1. In the case of international transportation when a negotiable bill of lading has been issued but is not available for surrender to the carrier when it is desired to take delivery of the shipment, a bank may issue a letter of indemnity to the carrier to persuade them to release the cargo. (A Letter of Guarantee may also be used ). The bank will usually obtain a similar letter from its client to protect itself against the liability it assumes on behalf of the client.
2. On export shipments, some carriers may permit shippers to issue letters of indemnity to the carriers in order to secure from them clean bills of lading in place of foul, or to replace lost original bills of lading.
Letter of Intent A document that describes the preliminary understanding between parties who intend to make a contract or join together in another action.
Licensing Agreement The issuance of a license permitting the use of patents, trademarks, or other technology.
Lift Van A wooden or metal container used for packing household goods and personal effects.
Lighter A barge towed by a tugboat and used mainly in harbors and inland waterways for the transport of cargo to and from ships. Some may be self-powered,
Lighter Aboard Ship Some ships are constructed to carry special barges (lighters). These barges can go to smaller docks, go into inland waterways, load cargo at those places, and then carry it back to the ship which lifts the barges aboard, with their cargo, and transports them overseas. Discharge of cargo is accomplished in the same manner.
Lighterage The loading or unloading of a ship by means of a lighter (barge), especially when shallow waters prevent an ocean going vessel from approaching a berth, or if berths are unavailable.
Limitation Period A maximum period set by a statute within which a legal action can be brought or a right enforced.
Limited Liability 1. Restricted liability for obligations.

2. (USA) Limitation of Liability Act. A U.S. statute which permits a ship owner to restrict his liability to whatever value his ship has after an event such as a sinking or collision.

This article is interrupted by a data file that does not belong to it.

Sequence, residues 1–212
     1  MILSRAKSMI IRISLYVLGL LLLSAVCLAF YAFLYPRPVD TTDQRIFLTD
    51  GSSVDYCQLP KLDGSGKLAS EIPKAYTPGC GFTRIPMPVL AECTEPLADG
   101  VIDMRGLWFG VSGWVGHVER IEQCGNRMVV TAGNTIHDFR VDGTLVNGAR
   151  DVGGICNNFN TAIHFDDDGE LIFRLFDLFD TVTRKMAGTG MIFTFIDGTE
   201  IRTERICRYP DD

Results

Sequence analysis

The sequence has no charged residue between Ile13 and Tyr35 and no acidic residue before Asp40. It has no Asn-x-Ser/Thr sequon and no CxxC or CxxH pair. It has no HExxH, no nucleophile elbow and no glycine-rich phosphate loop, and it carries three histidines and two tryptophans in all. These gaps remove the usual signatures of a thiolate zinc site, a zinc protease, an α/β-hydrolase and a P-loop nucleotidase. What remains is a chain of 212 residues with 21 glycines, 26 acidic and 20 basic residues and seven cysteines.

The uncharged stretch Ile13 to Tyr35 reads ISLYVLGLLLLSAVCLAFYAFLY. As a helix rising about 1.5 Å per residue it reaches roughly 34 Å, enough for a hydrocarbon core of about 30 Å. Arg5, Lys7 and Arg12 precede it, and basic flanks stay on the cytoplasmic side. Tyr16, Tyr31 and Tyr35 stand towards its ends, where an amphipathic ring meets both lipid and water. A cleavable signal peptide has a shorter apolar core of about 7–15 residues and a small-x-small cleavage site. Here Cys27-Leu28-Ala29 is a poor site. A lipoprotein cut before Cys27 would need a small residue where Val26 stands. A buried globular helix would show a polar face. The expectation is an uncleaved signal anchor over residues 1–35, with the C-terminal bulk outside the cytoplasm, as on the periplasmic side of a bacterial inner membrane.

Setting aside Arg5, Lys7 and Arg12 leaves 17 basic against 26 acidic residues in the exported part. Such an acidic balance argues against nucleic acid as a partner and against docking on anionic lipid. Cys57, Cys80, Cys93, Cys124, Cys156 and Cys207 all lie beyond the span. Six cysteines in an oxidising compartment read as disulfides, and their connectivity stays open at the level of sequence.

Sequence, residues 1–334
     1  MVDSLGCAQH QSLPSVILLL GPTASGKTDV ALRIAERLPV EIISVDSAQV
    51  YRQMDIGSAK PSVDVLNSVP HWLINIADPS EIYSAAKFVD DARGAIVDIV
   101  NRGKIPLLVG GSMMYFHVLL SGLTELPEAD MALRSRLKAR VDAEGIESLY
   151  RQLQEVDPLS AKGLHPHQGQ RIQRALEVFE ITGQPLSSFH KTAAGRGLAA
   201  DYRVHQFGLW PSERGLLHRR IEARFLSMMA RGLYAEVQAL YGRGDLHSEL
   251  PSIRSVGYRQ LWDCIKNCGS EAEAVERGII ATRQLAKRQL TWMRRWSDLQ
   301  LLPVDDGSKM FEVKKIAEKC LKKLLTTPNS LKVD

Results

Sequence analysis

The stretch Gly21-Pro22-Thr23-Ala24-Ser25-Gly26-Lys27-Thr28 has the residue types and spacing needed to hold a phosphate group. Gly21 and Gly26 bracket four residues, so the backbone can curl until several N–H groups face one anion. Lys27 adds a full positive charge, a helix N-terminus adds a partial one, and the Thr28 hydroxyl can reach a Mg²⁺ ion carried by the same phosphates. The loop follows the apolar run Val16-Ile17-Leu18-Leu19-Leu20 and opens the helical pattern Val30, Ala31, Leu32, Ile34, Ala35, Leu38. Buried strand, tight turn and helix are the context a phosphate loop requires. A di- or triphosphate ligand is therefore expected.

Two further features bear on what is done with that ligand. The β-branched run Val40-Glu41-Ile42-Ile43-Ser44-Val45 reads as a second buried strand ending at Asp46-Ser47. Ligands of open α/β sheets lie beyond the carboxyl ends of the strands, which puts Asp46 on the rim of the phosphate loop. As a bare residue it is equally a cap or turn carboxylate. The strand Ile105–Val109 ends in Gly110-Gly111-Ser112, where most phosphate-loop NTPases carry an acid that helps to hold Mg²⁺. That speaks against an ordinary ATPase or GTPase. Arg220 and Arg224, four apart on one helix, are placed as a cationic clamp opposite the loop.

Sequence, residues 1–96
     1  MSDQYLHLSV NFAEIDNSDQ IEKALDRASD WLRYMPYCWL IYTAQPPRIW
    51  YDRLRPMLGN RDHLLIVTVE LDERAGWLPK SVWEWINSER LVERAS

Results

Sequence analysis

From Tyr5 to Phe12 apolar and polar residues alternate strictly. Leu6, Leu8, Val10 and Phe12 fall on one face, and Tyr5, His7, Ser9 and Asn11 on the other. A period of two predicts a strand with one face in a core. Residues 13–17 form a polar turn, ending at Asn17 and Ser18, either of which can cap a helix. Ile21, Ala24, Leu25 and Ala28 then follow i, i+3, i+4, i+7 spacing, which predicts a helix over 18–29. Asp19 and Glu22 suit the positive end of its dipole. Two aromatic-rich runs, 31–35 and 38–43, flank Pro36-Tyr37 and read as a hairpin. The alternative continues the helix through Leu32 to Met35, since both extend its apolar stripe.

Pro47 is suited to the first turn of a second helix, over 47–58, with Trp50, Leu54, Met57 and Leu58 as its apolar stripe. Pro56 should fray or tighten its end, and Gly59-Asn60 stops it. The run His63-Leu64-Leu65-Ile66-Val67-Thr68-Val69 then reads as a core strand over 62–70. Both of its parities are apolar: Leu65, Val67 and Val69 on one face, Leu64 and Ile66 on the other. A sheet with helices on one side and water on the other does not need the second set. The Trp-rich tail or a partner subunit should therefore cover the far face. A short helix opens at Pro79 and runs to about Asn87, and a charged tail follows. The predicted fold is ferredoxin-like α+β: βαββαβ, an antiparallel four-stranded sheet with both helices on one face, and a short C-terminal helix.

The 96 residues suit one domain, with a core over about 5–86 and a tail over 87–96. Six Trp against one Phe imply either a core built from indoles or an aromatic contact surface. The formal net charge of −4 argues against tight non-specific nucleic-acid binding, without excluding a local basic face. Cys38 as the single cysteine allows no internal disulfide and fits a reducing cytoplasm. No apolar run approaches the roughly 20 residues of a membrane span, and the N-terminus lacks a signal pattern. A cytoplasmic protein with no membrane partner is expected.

Limited Partnership A partnership in which at least one of the partners is a general partner who conducts the business and has personal liability for the partnership debts, and at least one of the other partners is a special partner who shares in the profits and losses but their liability is limited to the sum they contribute to the partnership.
Line Haul The direct movement of freight between two major ports by a single ship.
Line Haul Vessel A vessel which is on a regularly defined schedule between ports,
Line Release System (USA) A separate part of the U.S. Customs' Automated Commercial System used for truck traffic along the land borders designed for the release and tracking of shipments through the use of personal computers and bar code technology.
Liner A vessel carrying passengers and cargo that operates with a fixed schedule on a particular route.
Liner Terms Conditions under which a shipping company will transport goods, including in the amount payable for freight the cost both for loading and discharge of the cargo from the vessel.
Liquidated Damages A sum of money that a contracting party agrees to pay to the other party for breaching an agreement.
Liquidation 1. The act or process of settling or making clear, fixed and determined.

2. The winding up and settlement of a debt.

3. The winding up of the financial affairs of a business.

4. (USA) The final computation or ascertainment of the duties accruing on an entry.
Liquidation System (USA) A part of U.S. Customs' Automated Commercial System, which closes the file on each entry.
Liquidity 1. The availability of liquid funds in an economy.

2. The status or condition of a person or business in terms of its ability to convert its assets into cash and to meet its obligations.

3. The capacity of a market in a particular security or commodity to withstand an unusual amount of buying or selling without affecting the market substantially.
Lloyds Of London An English association of insurance underwriters, the oldest of its kind in the world. Not in itself an insurance company.
Lloyds Registry An English society, independent of Lloyds of London, which surveys and classifies the ships of the world according to their description, condition, seaworthiness, and compliance with codes and protocols. Also establishes standards for maintenance and construction. (Correct name is: Lloyds Register of Shipping.)
Loading The physical placing of cargo into a truck, a shipping container, or onto a vessel.
Longshoreman A laborer who loads and unloads ships, handles cargo and containers at shipping terminals, and loads and unloads containers at shipping terminals.
Lot Labels Labels attached to each piece of multiple lot shipment for identification purposes. Each lot label will carry the same number (the lot number) There may also be a consecutive number on each label to separately identify each package.
Lower Deck Containers Carrier owned containers specially designed as an integral part of the aircraft to fit in the cargo compartments of a wide body aircraft. These compartments are on the lower deck of the aircraft below where the passengers sit.